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Keeping Stuff in C# Collection Classes

By Bill Sempf, Chuck Sphar, Stephen R. Davis

Part of C# 5.0 All-in-One For Dummies Cheat Sheet

Many variables are for storing one thing, like a number or a sentence. An object can have a lot of properties, storing a lot of information about a single concept. Sometimes, though, you just have to keep track of a big list of stuff. That’s where the collection classes come in.

The collection classes in C# are awesome because they can help you keep a list of items, or a group of keys and values, and provide searching, proctoring, and general maintenance tools for free. That’s a lot easier than writing the two hundredth ‘sort customers by last name’ method this month.

C# has basic collection classes, generic collection classes, and concurrent collection classes. These last ones are for thread safe operations in a multiprocessor environment. All of these collection classes are useful if you know where and when to use them.

Regular collections

Regular collections store untyped stuff for you. If you don’t know exactly what you’re going to store, regular collections are for you. Most everything in these classes are stored as Object.

Class Description
ArrayList This is just a straightforward collection of objects whose size
is initially declared, and that size is increased as needed (but
not decreased).
HashTable Just a two-column table of keys and values, where the pairs are
linked for sorting a retrieval.
Queue A first in, last out (FIFO) list of items. Great for storing
program process stuff.
Stack Like a Queue, but Last In First Out (LIFO).

Generic collections

C# 2.0 introduced generic collections. Generic collections allow you to store typed collections of items, as declared at runtime.

Class Description
Dictionary<TKey, TValue> Just a HastTable, except typed, so you don’t have to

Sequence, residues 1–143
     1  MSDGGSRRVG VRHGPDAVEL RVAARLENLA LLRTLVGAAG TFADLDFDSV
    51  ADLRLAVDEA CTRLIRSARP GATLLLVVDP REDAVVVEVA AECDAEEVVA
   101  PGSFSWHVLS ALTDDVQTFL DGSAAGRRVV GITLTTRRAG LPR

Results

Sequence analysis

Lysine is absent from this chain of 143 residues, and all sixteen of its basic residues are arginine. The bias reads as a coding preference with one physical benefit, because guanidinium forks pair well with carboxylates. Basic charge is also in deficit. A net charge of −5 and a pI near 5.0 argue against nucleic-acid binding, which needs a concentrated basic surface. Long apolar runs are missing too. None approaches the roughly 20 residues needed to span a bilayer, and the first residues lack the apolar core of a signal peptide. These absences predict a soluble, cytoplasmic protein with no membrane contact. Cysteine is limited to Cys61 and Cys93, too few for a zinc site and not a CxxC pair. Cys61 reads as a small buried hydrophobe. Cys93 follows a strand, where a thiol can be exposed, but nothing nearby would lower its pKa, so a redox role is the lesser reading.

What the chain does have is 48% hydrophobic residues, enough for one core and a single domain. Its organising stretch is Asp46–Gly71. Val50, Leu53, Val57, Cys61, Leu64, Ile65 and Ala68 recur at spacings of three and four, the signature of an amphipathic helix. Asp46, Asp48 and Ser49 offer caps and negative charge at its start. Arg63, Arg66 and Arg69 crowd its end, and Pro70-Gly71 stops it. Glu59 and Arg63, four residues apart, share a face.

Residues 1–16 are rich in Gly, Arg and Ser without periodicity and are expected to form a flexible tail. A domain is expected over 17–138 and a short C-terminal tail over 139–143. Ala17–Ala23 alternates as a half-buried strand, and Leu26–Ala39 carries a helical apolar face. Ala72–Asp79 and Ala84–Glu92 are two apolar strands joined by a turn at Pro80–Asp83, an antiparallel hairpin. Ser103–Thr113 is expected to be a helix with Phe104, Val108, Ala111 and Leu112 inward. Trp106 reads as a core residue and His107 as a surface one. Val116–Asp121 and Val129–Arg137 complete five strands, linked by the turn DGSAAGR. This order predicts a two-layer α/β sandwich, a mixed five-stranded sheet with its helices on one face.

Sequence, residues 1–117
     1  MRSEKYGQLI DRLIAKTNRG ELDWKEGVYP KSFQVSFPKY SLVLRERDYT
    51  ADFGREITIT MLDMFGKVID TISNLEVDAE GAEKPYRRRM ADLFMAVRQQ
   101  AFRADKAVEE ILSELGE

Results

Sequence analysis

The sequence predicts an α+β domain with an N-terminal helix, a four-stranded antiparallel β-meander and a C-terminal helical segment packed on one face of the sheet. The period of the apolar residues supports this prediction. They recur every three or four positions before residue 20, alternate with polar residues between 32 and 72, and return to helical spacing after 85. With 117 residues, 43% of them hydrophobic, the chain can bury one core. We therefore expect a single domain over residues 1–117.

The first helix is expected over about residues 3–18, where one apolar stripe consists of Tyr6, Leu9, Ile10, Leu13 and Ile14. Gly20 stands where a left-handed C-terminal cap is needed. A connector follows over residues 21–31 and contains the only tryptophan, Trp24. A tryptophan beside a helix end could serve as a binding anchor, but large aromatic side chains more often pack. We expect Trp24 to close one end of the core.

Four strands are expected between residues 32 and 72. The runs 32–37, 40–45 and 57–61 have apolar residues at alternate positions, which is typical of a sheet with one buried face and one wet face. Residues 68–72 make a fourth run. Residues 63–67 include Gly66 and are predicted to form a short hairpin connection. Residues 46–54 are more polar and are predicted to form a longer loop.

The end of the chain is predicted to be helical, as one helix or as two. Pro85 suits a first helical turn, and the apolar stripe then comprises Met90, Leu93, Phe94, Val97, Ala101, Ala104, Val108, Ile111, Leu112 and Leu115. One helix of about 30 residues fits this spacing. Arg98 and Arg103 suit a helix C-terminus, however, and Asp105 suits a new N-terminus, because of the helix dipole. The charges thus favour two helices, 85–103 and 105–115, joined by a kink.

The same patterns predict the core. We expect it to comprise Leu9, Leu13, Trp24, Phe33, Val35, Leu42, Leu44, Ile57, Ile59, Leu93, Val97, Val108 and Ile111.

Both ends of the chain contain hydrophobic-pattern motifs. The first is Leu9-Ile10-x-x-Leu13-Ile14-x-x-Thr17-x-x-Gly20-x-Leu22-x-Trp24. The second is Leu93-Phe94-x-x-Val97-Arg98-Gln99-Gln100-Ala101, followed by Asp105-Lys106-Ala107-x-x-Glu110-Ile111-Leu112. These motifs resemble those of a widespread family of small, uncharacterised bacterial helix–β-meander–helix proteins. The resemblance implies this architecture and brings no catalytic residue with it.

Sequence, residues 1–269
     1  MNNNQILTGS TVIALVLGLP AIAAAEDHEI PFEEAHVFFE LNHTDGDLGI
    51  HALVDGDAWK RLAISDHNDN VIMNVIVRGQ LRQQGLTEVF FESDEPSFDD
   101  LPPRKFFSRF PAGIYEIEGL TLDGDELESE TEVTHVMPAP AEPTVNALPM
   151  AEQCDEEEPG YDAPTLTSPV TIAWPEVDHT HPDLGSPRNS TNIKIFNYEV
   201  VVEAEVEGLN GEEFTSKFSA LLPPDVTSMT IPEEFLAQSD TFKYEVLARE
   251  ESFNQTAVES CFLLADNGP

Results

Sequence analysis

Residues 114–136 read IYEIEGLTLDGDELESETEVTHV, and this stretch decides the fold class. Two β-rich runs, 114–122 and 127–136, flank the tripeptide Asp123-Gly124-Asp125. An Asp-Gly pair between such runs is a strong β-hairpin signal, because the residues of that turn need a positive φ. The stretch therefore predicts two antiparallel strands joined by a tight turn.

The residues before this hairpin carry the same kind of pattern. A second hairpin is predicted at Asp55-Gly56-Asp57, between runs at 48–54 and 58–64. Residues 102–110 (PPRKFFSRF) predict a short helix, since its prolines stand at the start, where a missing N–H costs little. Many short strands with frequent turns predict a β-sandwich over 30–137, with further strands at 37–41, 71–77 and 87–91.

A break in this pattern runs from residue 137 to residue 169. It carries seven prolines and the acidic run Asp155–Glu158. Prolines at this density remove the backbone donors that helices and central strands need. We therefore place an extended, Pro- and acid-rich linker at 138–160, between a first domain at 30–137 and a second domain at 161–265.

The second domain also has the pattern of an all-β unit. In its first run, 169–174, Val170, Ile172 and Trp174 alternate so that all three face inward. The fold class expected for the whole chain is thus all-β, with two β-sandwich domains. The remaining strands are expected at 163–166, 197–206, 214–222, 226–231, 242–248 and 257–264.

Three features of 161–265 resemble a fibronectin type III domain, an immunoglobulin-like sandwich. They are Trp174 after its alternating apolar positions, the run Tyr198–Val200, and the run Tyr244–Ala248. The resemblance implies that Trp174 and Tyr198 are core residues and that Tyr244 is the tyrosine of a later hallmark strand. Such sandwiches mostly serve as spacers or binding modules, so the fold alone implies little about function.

store Object, Object. TKey and TValue are types, so you can store a
list of <Int32, String> if you
List<T> This is the new Array. It’s a typed list of items. By
far, the most common collection class used. It’s the default.
If you need a list of people, it’s a List<Person>.
Queue<T> Similar to the untyped Queue, but, well, typed!
SortedList<TKey, Value> This awesome Dictionary implements IComparable so that it can
be sorted.
Stack<T> Just like the untyped Stack, except typed.

Concurrent collection classes

Finally, the Concurrent classes make sure that the objects you store in a list are available in any memory space, no matter what processor. It’s a bigger deal than you think.

Class Description
BlockingCollection<T> It’s a thread-safe class that will prevent one thread
from altering a field that is accessible by another thread.
Brilliant stuff, really.
Speaking of brilliant, this set of key/value pairs can be
accessed by multiple threads.
ConcurrentQueue<T> Remember that FIFO stack? Yeah. This one is generic AND thread
ConcurrentStack<T> The orchestrated collections are useful. They’re
beneficial for memory, for one thing. Anyway, this one is LIFO and
thread-safe, too.